You're on the right track, but I think a visual inspection is in order first. Lift the car and visually follow the line, checking for any obvious kinks or whatever. If it looks good, I would start at the fuel tank. Most cars have a rubber hose that connects the fuel pump outlet to the steel fuel line. Check these for kinks or bends, then remove the fuel hoses from the pump and fuel line and check that they are clear. Then, have someone hit the key, and verify the pump actually moves fuel and that it comes out of the pump outlet. If fuel comes out at the pump outlet, we have confirmed the issue is the fuel line somewhere. If not, it sounds like a pump or pump wiring issue (I don't remember if you said you hear the fuel pump when the key is turned on, that would eliminate a wiring issue). After the pump and hose, it's literally just a steel tube that runs from the tank area to the fuel filter, so no magic here.

You could probably use compressed air to clear it out, it would probably be easier to get air in the line with the fuel hose (by the tank) back on and tightened down after you verify it is clear. I'd keep the fuel filter unhooked when doing this to keep whatever you get out from going into the brand new filter and take appropriate precautions in case there is fuel in the line that gets pushed out by the compressed air. If you end up breaking a line with the compressed air, it's usually pretty cheap to replace in most cases, just a pain bending the line and fishing it through sometimes.

Maybe someone else can confirm because I haven't actually looked at the tank on my Focus, but do these cars have a return line or a returnless pump? It's possible that the lines were swapped when reinstalling the pump if there is a return and send line at the tank.
 

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No return line. If filter installed backwards no fuel if the filter is one with a check valve in it, some yes, others no. There is no fuel pressure sensor in the tank, that one is for vapor/emission only and has nothing to do with your fuel pressure. You can only blow forward with air pressure as there are check valves in the pump and module that will not pass backwards.

Did you change just pump only or entire pump module?? Pump only is a mistake of the highest order. The only pump available is the second design and it does NOT work with first design modules like '01 has.
 

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Discussion Starter #18
I changed the pump and filter only. And after a careful visual inspection I noticed that what I believe is the ground wire to the on the module is burned through. I mean burnt through the plastic.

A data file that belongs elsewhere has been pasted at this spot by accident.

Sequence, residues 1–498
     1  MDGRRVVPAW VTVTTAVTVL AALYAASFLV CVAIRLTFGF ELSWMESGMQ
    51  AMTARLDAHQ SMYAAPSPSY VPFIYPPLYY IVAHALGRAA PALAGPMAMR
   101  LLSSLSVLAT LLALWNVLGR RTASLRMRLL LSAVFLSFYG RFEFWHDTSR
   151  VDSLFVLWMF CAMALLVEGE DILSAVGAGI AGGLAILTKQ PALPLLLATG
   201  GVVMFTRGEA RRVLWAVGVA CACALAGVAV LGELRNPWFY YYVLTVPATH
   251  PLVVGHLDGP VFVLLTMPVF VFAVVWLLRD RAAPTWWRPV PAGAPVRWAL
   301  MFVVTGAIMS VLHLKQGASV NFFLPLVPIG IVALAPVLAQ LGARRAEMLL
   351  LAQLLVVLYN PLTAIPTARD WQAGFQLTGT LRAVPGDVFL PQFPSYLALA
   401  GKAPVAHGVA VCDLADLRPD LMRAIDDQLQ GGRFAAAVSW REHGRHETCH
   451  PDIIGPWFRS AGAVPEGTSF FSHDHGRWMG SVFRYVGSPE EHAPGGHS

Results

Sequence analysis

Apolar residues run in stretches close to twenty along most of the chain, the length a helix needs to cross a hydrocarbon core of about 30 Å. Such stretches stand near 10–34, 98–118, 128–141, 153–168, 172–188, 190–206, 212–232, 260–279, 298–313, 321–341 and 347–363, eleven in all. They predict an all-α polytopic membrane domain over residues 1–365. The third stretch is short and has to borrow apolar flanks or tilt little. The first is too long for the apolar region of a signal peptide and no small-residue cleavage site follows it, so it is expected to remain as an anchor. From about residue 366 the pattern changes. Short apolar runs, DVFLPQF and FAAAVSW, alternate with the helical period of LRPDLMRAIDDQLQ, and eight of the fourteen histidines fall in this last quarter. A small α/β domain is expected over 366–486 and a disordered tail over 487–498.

but I did swap out the wiring harness once I had the tank down and upon giving it power the fuel pump shot fuel through. so I found my problem. but when I reattached everything it no longer pumped through as in indication that I have to replace the entire assembly. but seeing as that I have the one that locks into the tank versus the one with the 2 metal rods its much harder to find seeing as that just with the SOHC engine, ford did not make that assembly a common on.

can I put a new tank on with the more commonly found assembly or does the computer only recognize the one it rolled off the lot with?
 

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I'm not sure I understand. So the pump pumps when power is applied directly, but does not pump when powered through the wiring in the car? Or do you mean that fuel comes out at the pump, but not at the filter once the pump is hooked back up to the fuel line?

Not sure about your other question.
 

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Discussion Starter #20
I'm not sure I understand. So the pump pumps when power is applied directly, but does not pump when powered through the wiring in the car? Or do you mean that fuel comes out at the pump, but not at the filter once the pump is hooked back up to the fuel line?

Not sure about your other question.
The pump will pump out fuel when I attach a different wiring harness to the assembly when it is outside of the tank. so in other words I used the assembly wiring harness from a separate assembly unit and connected it to my pump.

now my old wiring harness had a burned wire and the metal prong on the unit is not secure. so when I hooked up the other it pumped fuel through. that is when it was out of the tank on the ground and the harness leading from the car was straight and not coiled up.

but when I put the tank back on the car and bolt everything in place the pump will not run anymore. so it leads me to believe that I have to replace the entire unit.

but that is an expensive buy from ford at a price of 495